Electricity

Fastest coal phaseout will have least environmental impact in Slovenia

slovenia coal phaseout 2033

Photo: hangela from Pixabay

Published

December 25, 2020

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Published:

December 25, 2020

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The draft environmental impact assessment for the coal phaseout strategy estimates the fastest coal phaseout proposed – by 2033, to be the one with the lowest negative impact on the environment in the Savinjsko-Šaleška region.

Slovenia is in the process of preparing its national strategy for a coal phaseout and the restructuring of coal regions in line with the just transition principles which will be in accordance with the national energy and climate plan (NECP). NECP targets achieving climate neutrality by 2050, as proclaimed by the European Union.

The Ministry of Infrastructure has announced that the draft EIA for the coal phaseout strategy, defining the year when the country will cease the use of coal, has been finished. The country has two coal regions: Savinjsko-Šaleška (SAŠA) and Zasavje.

The draft EIA, prepared by the consortium led by Elektroinštitut Milan Vidmar, has examined the impact of the strategy’s three scenarios.

In the Savinjsko-Šaleška region, an ambitious scenario (coal exit by 2033) would have the least negative impact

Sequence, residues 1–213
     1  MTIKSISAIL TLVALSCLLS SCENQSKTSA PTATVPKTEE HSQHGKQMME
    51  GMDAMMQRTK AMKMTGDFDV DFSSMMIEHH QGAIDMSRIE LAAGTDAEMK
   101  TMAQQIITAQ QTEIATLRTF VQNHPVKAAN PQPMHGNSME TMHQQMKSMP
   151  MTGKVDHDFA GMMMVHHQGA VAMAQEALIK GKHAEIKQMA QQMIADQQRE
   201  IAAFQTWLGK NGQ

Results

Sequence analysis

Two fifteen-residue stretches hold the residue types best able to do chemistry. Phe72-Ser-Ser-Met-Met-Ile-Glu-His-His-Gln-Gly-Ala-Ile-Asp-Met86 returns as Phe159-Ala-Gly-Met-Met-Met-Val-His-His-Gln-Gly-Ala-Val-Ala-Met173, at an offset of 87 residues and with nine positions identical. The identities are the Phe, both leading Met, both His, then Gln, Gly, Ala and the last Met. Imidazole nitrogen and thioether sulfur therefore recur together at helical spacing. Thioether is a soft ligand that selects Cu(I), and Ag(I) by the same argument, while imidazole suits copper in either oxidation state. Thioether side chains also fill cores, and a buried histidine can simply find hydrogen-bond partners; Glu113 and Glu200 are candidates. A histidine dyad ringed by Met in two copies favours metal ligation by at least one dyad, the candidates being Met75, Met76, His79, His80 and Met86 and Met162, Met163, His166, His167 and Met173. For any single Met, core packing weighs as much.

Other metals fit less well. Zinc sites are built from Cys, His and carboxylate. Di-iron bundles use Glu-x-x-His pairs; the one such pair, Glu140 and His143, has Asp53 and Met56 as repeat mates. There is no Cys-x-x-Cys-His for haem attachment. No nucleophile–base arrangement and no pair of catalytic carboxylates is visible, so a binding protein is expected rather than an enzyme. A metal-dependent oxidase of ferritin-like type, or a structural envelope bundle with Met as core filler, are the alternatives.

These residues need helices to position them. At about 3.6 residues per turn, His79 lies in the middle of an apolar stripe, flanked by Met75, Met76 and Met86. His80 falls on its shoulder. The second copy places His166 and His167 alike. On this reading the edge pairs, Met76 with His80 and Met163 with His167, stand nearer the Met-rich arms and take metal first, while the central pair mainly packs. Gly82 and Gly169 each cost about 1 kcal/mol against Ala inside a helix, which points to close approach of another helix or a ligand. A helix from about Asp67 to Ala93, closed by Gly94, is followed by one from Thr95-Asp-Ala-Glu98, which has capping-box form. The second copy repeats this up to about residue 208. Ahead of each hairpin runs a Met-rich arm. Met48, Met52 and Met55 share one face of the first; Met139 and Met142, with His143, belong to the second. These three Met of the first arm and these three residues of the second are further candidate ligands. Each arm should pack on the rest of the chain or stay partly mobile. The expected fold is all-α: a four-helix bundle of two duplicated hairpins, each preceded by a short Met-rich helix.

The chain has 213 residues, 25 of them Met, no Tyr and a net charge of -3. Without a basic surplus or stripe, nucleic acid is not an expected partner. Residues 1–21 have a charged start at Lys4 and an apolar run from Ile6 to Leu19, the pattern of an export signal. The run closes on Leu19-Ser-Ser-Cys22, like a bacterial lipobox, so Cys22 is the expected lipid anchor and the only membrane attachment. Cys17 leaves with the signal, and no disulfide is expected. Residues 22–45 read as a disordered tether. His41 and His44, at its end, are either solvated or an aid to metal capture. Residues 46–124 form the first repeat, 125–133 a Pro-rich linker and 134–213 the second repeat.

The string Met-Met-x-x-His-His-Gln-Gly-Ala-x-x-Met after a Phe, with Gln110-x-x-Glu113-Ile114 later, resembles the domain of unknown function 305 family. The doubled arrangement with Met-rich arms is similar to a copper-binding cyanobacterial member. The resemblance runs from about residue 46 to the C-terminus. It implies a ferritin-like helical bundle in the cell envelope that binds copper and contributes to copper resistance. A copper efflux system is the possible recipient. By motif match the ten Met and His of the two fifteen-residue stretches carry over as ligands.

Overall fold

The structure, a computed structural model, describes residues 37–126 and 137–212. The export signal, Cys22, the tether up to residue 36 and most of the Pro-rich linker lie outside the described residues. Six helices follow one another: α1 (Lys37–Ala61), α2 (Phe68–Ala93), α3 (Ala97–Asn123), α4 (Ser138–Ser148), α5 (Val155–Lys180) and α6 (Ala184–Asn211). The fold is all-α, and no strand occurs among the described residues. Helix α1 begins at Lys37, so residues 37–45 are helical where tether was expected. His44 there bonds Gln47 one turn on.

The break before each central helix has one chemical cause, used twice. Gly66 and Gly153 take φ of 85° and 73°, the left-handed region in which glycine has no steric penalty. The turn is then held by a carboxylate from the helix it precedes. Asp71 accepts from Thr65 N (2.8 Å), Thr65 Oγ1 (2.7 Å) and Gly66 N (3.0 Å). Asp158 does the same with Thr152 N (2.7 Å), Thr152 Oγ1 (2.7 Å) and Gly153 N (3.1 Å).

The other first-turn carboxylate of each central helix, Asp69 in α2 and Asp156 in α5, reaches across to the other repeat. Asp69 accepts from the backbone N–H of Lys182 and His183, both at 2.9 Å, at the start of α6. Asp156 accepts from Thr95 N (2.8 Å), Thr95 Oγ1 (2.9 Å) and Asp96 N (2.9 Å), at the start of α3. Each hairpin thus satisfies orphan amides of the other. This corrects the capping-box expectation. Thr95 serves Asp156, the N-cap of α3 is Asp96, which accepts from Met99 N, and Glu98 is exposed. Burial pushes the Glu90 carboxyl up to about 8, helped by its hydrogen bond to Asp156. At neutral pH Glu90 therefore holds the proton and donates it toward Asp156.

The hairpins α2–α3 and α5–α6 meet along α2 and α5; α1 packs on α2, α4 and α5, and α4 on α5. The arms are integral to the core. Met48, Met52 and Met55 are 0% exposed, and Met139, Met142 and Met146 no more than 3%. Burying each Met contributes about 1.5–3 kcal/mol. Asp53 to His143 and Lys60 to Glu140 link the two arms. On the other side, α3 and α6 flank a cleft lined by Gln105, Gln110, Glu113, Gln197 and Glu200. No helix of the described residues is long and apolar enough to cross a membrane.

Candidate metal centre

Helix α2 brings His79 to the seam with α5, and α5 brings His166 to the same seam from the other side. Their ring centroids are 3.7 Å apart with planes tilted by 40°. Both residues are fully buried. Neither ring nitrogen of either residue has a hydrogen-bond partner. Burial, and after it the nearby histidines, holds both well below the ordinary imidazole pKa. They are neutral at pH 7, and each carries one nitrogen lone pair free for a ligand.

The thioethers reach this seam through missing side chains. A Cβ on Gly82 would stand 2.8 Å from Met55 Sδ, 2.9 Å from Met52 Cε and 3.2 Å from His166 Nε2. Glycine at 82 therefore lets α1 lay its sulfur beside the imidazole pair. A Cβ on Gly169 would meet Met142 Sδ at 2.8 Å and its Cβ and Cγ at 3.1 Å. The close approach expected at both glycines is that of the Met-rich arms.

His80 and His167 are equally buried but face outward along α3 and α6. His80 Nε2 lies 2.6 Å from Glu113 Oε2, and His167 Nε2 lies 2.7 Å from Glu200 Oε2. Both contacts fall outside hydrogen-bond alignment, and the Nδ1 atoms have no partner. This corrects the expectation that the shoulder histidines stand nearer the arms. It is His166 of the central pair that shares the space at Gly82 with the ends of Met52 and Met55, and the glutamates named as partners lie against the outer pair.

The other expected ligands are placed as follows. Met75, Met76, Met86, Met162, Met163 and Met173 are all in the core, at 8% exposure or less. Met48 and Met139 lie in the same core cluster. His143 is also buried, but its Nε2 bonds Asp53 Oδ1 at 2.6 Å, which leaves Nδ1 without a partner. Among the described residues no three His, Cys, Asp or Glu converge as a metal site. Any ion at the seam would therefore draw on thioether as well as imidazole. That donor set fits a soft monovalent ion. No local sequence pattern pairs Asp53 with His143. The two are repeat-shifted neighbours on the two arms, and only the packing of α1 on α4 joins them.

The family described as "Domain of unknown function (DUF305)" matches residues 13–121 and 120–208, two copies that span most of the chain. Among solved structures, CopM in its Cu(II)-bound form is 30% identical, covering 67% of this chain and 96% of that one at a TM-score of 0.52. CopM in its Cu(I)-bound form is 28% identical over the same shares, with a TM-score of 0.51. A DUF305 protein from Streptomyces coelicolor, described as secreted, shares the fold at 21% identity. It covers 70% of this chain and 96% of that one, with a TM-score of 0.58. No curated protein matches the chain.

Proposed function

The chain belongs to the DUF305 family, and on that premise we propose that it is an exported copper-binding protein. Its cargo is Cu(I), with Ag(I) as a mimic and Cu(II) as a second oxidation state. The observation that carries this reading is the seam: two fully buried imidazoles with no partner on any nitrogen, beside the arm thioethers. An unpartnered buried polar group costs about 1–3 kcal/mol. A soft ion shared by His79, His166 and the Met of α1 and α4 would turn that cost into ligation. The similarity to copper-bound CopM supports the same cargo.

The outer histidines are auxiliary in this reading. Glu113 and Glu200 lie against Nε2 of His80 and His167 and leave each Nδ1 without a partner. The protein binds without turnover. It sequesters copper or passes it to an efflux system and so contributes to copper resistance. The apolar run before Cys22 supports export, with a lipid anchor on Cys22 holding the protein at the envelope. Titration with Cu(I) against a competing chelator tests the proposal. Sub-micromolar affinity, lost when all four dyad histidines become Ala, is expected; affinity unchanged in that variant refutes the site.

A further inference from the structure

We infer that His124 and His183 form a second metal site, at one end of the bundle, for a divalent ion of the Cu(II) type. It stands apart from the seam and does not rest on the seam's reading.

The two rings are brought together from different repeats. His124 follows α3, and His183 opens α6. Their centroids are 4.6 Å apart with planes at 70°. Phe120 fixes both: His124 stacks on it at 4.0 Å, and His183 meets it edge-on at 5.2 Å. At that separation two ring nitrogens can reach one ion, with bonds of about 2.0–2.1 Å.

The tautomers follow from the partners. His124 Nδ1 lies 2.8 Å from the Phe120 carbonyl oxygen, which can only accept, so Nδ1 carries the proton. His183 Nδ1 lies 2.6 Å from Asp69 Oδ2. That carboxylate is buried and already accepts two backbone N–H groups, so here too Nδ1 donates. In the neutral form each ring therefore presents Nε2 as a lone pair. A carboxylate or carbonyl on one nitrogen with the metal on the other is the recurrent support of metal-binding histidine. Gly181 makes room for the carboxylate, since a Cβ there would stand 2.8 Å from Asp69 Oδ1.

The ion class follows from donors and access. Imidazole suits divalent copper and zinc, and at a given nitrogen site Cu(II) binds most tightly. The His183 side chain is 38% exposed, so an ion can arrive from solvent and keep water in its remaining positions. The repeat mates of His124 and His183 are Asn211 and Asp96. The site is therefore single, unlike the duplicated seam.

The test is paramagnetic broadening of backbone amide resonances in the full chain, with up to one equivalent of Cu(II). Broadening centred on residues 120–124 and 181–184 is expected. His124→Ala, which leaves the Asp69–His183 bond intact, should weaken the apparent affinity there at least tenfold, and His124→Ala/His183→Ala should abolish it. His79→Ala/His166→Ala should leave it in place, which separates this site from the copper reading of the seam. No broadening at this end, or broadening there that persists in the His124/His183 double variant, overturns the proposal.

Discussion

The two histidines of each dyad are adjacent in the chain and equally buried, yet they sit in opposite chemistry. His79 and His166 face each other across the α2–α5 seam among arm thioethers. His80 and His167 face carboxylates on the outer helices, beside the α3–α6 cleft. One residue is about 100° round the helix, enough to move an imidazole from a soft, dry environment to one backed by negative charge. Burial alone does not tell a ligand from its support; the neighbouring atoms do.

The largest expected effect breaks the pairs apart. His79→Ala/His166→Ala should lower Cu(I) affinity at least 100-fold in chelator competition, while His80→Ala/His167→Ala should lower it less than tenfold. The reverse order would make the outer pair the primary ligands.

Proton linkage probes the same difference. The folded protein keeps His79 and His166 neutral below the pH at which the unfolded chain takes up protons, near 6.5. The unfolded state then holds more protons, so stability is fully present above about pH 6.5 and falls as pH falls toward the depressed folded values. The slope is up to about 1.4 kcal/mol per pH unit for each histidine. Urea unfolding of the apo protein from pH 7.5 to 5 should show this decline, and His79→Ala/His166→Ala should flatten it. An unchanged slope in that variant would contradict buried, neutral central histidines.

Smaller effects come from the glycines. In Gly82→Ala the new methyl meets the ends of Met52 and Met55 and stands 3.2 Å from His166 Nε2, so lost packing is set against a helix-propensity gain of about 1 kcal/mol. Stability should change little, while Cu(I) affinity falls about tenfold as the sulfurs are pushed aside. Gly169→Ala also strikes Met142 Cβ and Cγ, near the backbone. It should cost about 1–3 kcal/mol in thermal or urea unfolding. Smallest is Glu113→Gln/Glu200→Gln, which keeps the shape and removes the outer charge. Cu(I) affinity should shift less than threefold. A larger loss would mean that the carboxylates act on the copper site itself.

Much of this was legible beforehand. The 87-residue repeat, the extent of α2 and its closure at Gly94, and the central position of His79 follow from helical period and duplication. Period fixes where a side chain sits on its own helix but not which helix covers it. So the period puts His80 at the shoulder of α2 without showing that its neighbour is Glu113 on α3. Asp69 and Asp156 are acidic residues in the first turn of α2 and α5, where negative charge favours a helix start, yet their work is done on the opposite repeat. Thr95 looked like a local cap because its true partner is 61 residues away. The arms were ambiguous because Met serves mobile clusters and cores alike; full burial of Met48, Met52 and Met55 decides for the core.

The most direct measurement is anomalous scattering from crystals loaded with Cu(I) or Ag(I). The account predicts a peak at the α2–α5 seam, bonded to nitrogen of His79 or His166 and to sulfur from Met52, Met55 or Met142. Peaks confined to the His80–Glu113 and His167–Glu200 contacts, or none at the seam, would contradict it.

In the SAŠA region, the ambitious scenario, with a coal exit by 2033, would have the least negative impact due to a faster coal phaseout, followed by a financially sustainable scenario (coal exit by 2038), while the largest negative impact will occur if the flexible scenario (coal exit by 2042) is implemented.

The only operational coal-fired power plant in Slovenia – Termoelektrarna Šoštanj (TEŠ), is located in the SAŠA region, as is the Premogovnik Velenje mine.

In the Zasavje region, the differences in the impact of the three scenarios are not so distinctive and unambiguous. The region has two coal mines – Trbovlje and Hrastnik, and one power plant – Trbovlje, which have been all closed.

The Ministry of the Environment and Spatial Planning will review the draft EIA

According to the draft EIA, climate factors would deteriorate if the strategy is not implemented.

The draft EIA proposes mitigation measures and other recommendations to be included in the strategy in order to strengthen the positive effects and reduce the negative impacts of its implementation on the environment, nature, human health and cultural heritage, the Ministry of Infrastructure said on its website.

The Ministry of the Environment and Spatial Planning is due to reply within 30 days. If it gives a green light, a public discussion of the strategy and the EIA will follow. Otherwise, the Ministry of Infrastructure and the consortium which prepared EIA will amend the document.

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